NYC Program that pays 1 full year of rent

20 Replies

NYC's Human Resource Administration (Public Assistance)  has a program called S.O.T.A (Special One Time Assistance) specifically for employed people whom live in NYC shelter system. (Most of the people fell upon hard times and are working and need to find an apartment. Similar to any applicant you have good people and negative people.) Due to the excessive demand of shelter in NYC the city had to develop strategic programs to assist people with moving out of shelter and with the explosion of rent prices in NYC many people are looking to other cities close to NYC such as Newark, Irvington, Jersey City, etc.. to find apartments they can afford. 

To qualify for S.O.T.A. apartment seekers must earn at least twice as much as the amount of the rent of the apartment they are applying for. For example if the rent is $1,000.00 per month they applicant must provide proof of income of at least $2,000.00 per month. Landlords can conduct credit and background checks and have applicants submit  pay stubs and any other qualifications they may require of any applicant. 

The city will require a few pictures of the apartment to make sure it is live-able and once a lease is signed and submitted to HRA, they will verify the applicants income, and it will take up to 10 business days for NYC HRA to write a check for the total amount of the 1 year lease. 

For example if the monthly rent is  $1,400.00 NYC HRA will write 4 checks of $4,200 each which is a total of $16,800 (the yearly rent). They will not issue a security deposit check they will only give you a voucher letter to submit a claim. I think it will be a very long process to be reimbursed for any security deposit claim. There also isn't a clear guide if you need to evict the tenant during their lease how and if you have to reimburse NYC's HRA. 

NYC is vested into this program because they want to reduce the recidivism of people leaving and coming back into shelter. 

If anyone is interested I have a contact person who can provide more information.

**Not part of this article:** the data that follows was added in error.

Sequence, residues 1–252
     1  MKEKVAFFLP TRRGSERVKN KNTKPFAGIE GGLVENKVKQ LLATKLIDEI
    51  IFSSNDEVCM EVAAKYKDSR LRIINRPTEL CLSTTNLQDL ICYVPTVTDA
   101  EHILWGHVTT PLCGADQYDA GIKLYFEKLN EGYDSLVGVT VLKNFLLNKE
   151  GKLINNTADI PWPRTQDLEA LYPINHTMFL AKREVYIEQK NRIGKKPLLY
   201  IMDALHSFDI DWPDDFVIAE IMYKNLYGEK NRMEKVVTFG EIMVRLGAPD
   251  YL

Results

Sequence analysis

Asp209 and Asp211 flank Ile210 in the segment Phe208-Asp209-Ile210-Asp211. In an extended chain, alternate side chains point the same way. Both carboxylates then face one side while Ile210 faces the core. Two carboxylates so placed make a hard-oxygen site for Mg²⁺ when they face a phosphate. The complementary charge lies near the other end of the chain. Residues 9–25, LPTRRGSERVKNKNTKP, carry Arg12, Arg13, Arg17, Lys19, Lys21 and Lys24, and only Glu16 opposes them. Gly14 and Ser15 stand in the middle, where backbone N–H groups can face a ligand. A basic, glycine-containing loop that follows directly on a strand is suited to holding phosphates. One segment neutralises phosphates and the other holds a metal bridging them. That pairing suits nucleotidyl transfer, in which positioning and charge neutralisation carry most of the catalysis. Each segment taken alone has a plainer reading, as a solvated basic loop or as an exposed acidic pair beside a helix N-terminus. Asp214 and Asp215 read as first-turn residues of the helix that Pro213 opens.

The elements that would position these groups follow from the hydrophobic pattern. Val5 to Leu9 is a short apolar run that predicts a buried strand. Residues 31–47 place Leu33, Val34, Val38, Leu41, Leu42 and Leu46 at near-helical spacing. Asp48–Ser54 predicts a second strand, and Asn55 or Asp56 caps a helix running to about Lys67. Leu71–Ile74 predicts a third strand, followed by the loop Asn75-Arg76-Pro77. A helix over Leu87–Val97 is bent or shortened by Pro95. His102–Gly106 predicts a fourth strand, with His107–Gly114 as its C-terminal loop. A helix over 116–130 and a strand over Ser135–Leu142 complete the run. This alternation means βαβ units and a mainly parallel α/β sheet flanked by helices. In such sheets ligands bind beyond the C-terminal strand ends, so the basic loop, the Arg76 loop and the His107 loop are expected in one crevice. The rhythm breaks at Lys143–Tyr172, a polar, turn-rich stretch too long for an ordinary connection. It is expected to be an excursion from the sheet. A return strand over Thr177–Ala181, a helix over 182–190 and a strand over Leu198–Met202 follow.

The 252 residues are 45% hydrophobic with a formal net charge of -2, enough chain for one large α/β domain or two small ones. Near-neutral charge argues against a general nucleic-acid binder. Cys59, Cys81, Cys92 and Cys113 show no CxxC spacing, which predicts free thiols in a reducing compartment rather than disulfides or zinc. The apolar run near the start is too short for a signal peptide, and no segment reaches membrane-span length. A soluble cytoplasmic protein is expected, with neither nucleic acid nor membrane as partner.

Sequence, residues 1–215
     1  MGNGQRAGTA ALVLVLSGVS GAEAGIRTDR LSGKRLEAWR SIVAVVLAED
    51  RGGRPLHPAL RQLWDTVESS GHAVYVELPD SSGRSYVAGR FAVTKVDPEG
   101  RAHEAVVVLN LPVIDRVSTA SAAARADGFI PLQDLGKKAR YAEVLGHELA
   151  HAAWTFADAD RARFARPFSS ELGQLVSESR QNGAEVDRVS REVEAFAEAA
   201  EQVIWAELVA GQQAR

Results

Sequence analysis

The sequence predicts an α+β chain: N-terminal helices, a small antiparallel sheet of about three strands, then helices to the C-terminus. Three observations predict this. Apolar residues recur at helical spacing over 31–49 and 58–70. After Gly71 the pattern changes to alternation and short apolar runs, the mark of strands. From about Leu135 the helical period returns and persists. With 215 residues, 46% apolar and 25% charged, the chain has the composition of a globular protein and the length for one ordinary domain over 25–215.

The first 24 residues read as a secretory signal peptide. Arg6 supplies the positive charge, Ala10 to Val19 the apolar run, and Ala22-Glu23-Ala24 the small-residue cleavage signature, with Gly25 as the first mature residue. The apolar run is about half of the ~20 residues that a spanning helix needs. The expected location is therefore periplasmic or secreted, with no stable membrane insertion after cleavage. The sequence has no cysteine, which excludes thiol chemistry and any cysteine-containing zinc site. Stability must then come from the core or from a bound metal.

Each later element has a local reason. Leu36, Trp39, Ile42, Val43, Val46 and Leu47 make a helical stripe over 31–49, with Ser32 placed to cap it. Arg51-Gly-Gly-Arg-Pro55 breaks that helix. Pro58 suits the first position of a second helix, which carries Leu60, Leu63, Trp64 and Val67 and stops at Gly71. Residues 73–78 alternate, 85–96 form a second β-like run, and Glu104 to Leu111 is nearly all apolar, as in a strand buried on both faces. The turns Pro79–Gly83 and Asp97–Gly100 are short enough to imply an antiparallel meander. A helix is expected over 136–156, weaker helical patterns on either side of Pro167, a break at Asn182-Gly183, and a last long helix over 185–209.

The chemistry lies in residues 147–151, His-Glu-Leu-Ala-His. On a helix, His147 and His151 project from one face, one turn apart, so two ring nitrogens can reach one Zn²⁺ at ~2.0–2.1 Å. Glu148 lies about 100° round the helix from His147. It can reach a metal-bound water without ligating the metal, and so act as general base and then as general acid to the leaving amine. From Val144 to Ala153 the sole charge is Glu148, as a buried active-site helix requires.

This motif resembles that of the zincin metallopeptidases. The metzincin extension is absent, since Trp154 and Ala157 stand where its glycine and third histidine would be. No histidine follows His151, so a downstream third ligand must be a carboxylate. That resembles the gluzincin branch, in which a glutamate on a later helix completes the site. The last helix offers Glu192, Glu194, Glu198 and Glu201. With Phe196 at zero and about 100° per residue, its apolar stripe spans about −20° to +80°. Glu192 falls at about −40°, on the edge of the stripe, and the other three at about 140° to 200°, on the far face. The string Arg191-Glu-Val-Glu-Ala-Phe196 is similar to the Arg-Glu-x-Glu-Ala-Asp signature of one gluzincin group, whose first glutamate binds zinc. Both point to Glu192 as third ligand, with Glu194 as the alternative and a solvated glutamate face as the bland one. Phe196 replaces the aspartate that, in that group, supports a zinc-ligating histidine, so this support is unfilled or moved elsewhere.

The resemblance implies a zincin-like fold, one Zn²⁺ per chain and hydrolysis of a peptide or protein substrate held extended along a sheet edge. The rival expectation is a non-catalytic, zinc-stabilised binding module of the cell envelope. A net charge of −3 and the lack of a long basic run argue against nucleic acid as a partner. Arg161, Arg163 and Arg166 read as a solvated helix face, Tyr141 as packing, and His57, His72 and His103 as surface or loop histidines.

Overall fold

Someone reached out to me regarding this program and i thought it was a scam. Do you have personal experience with the program? If so, Please let us know how it went and if they are any negatives to the program.

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I would not work with NYC government. I had a homeless family destroy my kitchen and it was an absolute bear to get the Department of Homeless Services to help. I also had a Section 8 tenant that I had to evict and again, no help from the city. The city simply won't help you when things go wrong. It isn't worth it in this environment.

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I currently rent to someone who qualified for this program. It looked fishy at first but I did a google search and it seem legit.  I got 4 checks totaling a year worth of rent upfront . So far the tenant has been one of the best tenant I have had. I remember her reasoning for choosing my apartment was for its proximity to the train station. 

Sounds like very high risk for the landlord to me. Difficult likely to get rid of bad tenants and paperwork night mare. I personally will not do business with the government. They are not trustworthy and do not care about consequences. I would stick to my normal business practices as opposed to accepting bribes to house unqualified applicants.

This program aims to shift social and financial responsibilies to other counties and states as recidivism is high. Upfront rent seeks to lower barrier of entry but risk of ruin is high. After careful consideration I passed on the opportunity. 

Originally posted by @Lynda Lloyd :

What happens if there is damage to your property and there is no security?

I have experience with this and the program also gives the landlord a security voucher. You can use it if there's damage to the apartment.

The S.O.T.A program works well, and is a good option to get a tough to rent vacancy filled if you invest in a low income area.The process of getting the deal done with them is pretty simple but pack your patience though if you get a bad case worker, you'll need it.

So in NYC people making over $24,000 a year from stable employment have to live in Homeless Shelters (???)

In California hoards of poor and dirty Homeless people live in the streets with no stable employment some getting some form of welfare and many just begging.

This is such a problem.....

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